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ChiO

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Everything posted by ChiO

  1. FrankGreyGrimes: Each film on your two lists certainly has something to commend it and is worth watching (even though I'm not a fan *The Postman Always Rings Twice* -- to me, the direction is lackluster -- and Hangover Square, which may have the most annoying score in film history and, yes, I know, it's by Bernard Herrmann). But there are three absolute ESSENTIALS in my book on the lists: *The Big Combo* *Thieves' Highway* *Kiss Me Deadly* But only after watching The Passion of Joan of Arc.
  2. *we can still choose to believe that Walter could have decided right there and then that maybe he shouldn't have gone near Ms. Dietrichson with a 10-foot pole.* Of course. That's your Free Will to choose to believe that. But it was Fate that brought those two together at that precise time (and, maybe, a screenwriter and director). I'm just a fluffy ol' Mystic at heart.
  3. _Ark_ wrote a while back: *Fate is a word often associated with Noir and bandied about by characters (and writers), but I would argue that this is an intentional misdirection. We all have the potential for good or evil, and conflict in the genre is defined by personal choice. Rationalization is never effective in Noir. It might fool the protagonist for awhile, but in the end, there is usually a point of revelation where he or she must come to grips with who they are and the choices they have made.* There you go again, trying to make me think. Might we summarize your position as Free Will? Walter _chooses_ to go to a specific house. Phyllis _chooses_ to come down the stairs with that ankle bracelet. Did they both choose to be at that house at that time together? One could call it God, Coincidence, Film Contrivance, or the Invisible Hand of Adam Smith. The usual noir shorthand (for me anyway) is Fate. It approaches the mystical. Free Will certainly plays a role -- sometimes a major role -- but somewhere along the line, Fate just trips you (to mix my movies). Walter may see himself more clearly now and question the choices he made, but there was something bigger out there over which he had no control (a tyrannical director, perhaps?). Yes, these are morality plays that go back to at least *Oedipus* (did Sophocles have final cut?). Deus ex machina forever. And bring on the Greek Chorus. Realism, schmealism. Just give me some shadows, a wet street at night, and a dark stairway.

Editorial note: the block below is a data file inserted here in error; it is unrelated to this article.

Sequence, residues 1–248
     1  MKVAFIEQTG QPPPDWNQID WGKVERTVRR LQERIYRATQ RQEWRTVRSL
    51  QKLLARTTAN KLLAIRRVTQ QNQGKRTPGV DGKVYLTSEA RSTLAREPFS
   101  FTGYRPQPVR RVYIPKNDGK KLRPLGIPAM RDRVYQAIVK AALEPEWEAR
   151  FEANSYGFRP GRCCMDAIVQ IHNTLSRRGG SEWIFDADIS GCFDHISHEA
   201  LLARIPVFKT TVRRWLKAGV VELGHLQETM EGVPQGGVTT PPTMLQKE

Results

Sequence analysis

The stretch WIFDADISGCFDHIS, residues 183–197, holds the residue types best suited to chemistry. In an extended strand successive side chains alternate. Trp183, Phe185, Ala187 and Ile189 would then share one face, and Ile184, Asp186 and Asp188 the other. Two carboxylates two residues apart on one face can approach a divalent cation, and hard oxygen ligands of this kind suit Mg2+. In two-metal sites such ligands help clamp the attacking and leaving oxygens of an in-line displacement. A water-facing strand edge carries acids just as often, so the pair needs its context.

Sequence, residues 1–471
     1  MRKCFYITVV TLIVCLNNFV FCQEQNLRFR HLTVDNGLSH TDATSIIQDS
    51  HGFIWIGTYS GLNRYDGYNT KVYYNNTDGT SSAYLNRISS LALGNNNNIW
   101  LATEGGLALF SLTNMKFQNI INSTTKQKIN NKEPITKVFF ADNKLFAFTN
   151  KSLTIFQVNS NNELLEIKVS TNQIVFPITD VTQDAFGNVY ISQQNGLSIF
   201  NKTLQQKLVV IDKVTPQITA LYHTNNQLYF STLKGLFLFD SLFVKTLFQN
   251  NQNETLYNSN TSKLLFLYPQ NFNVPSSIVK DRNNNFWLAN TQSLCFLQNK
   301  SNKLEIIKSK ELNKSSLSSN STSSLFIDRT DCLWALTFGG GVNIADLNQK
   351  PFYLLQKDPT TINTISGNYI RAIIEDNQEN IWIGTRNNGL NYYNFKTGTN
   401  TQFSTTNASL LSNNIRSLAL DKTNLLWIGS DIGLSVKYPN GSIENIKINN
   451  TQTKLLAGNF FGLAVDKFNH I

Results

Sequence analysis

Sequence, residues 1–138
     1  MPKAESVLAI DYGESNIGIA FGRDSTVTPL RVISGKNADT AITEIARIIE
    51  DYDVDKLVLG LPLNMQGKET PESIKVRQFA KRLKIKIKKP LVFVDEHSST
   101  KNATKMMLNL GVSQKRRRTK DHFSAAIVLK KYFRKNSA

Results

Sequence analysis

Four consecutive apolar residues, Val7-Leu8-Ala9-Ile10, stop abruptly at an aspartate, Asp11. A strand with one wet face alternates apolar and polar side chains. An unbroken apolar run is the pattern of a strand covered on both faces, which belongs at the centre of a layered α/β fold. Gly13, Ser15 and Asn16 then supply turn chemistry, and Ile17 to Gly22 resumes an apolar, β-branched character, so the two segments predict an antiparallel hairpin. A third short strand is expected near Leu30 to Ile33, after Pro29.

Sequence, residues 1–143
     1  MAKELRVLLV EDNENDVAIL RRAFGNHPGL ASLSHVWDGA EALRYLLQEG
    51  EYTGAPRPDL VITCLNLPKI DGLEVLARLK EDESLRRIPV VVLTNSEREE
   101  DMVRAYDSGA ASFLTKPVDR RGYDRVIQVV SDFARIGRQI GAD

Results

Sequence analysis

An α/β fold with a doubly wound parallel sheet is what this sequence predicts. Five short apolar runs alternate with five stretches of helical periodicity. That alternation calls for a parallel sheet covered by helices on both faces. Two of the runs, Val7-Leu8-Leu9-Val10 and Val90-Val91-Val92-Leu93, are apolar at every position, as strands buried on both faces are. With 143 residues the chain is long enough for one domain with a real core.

4. *The idea of the black and white co-existing separately is either a great new insight to consider...* I'll accept that. *...or another way of saying the same thing.* Probably, unfortunately, nearer the Truth. _Mr. Grimes_ is blending black and white and coming out with a gray (or, grey)...or a undefinable wishy-washy amalgam. I view the black and white as distinct and in constant conflict as to which one will prevail. But we both end up at, or near, the same place...an ambiguous character fighting him or her Self and Fate. But on to more Freudian matters: Having seen *He Walked By Night* several times, but today for the first time on the big screen, all (well, not all) I can say is "WOW!!!" And, as with any great movie, I noticed something that hadn't hit me before. Basehart is in Bissell's office with "his" sonograph for Bissell to sell on consignment. It is special to him. It is positioned between his legs. He is fondling it. Query: Is that gray (or, grey)? Edited by: ChiO on Sep 23, 2009 9:18 PM
  5. _MissG_ wrote: *He's already upset I'm sure that Wagon Master was even mentioned in his beloved noir universe. (ChiO, too)* *You can't escape Ford!* Unfortunately, apparently truer words have never been written. Imagine...sullying a thread focusing on the great "F" directors Fuller and Fleischer, and then mentioning _that_ name. Truly a noir moment. And speaking of A Walk on the Noir Side, I'm hoping to see this afternoon on the Big Screen my favorite Anthony Mann/John Alton noir, He Walked By Night. I feel overcome by shadows already. And this may give you some comfort. Upon reflection, I am prepared to state that I disagree with _Mr. Grimes_ (aka Mr. Grey) regarding his characterization of noir (or its characters) being "grey" (if that is an inaccurate characterization, I apologize and throw myself on the mercy of Lawrence Tierney). Noir and its major characters are either (a) black, or ( black _and_ white. There is no grey. The black and white co-exist separately in the same character and it is that juxtaposition that makes noir so fascinating to me.
  6. Sounds great! Would you please provide our working definition of "genre" so that we're on the same page (or at least in the same book)? Or, if a definition of "genre" was intended as one of the first teachable moments, I apologize and hereby withdraw the question.
  7. A favorite Western with a variation on the theme is Silver Lode (1954). Good Guy accused of murder, but claims self-defense; Bad Guy appears to represent the law, but his papers are forged; Bad Guy kills the local sheriff, but it looks to the locals that the Good Guy did it so now they think the Good Guy is the Bad Guy; Bad Guy is killed in a noirish accident (his bullet ricochets off of a bell), but it again appears that the Good Guy did it; and, it's all straightened out at the end by...a telegram forged by the Good Guy's bride-to-be. With a cast of John Payne, Lizabeth Scott and Dan Duryea, and photography by John Alton, how can it not be at least near-noir? In color yet.